Gold edges higher on trade war fears

Business | Agencies and Stella Zhai 8 Oct 2019

Gold prices ticked up as investors became cautious following a report that Beijing would likely disagree with a broad trade deal with the United States.

Oil, too, was higher.

The next round of US-China trade talks are set to be held in Washington on October 10-11, although hopes of progress diminished after a report that Chinese officials wanted the scope of this week's negotiations to be narrow.

Spot gold once inched over 0.3 percent higher to US$1,509.28 (HK$11,840) per ounce yesterday.

Prices had firmed 0.5 percent last week on fears of cooling global growth.

Meanwhile, China has added more than 100 tons of gold to its reserves since it resumed buying in December, reinforcing its position as one of the major official accumulators as central banks stock up.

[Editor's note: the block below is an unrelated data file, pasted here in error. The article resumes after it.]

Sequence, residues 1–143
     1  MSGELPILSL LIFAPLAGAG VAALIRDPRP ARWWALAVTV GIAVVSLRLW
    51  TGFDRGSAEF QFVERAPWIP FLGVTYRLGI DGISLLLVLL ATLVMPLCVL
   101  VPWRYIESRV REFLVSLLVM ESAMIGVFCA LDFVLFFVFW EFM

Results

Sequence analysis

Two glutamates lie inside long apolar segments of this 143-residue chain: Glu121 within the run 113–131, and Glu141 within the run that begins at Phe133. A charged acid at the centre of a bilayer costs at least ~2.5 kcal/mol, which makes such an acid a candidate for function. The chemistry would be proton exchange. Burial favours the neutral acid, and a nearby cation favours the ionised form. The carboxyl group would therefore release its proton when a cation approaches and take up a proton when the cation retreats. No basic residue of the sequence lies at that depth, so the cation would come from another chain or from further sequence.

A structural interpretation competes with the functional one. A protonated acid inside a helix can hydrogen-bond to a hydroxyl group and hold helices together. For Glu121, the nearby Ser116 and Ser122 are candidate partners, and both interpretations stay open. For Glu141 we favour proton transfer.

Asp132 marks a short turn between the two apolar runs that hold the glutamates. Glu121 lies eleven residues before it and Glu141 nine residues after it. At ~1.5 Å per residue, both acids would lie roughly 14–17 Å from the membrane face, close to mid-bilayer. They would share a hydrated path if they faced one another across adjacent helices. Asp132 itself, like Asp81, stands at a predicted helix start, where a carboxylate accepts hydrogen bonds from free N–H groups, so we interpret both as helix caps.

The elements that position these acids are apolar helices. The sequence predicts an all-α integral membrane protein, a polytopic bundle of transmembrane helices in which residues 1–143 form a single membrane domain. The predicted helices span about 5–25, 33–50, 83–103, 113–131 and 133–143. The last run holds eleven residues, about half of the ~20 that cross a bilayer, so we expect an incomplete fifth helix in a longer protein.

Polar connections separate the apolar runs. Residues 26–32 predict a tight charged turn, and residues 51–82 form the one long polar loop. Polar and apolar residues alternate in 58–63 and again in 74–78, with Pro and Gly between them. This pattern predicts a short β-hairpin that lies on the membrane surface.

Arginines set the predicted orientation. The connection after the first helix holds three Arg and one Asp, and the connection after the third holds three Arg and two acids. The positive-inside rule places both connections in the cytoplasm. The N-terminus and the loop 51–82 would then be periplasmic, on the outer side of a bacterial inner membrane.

The People's Bank of China picked up more gold last month, raising holdings to 62.64 million ounces in September from 62.45 million in August, according to data on its website.

In tonnage terms, the latest inflow totals 5.9 tons and follows the addition of about 99.8 tons over the prior nine months.

Bullion hit the highest in more than six years in September as slower growth, the trade war and rate cuts spurred investor demand.

Central banks have been major buyers too, especially in emerging markets.

Official purchases will likely continue as protectionist policies and geopolitical concerns add to demand, according to Suki Cooper, a precious metals analyst at Standard Chartered Bank.

Oil prices meanwhile climbed up buoyed by hopes for progress in the trade talks and supported by challenges to supply facing major exporters.

Brent crude rose 48 cents or 0.8 percent to US$58.85 a barrel as of 8 pm yesterday, while US West Texas Intermediate crude was at US$53.39, up 58 cents or 1.1 percent.

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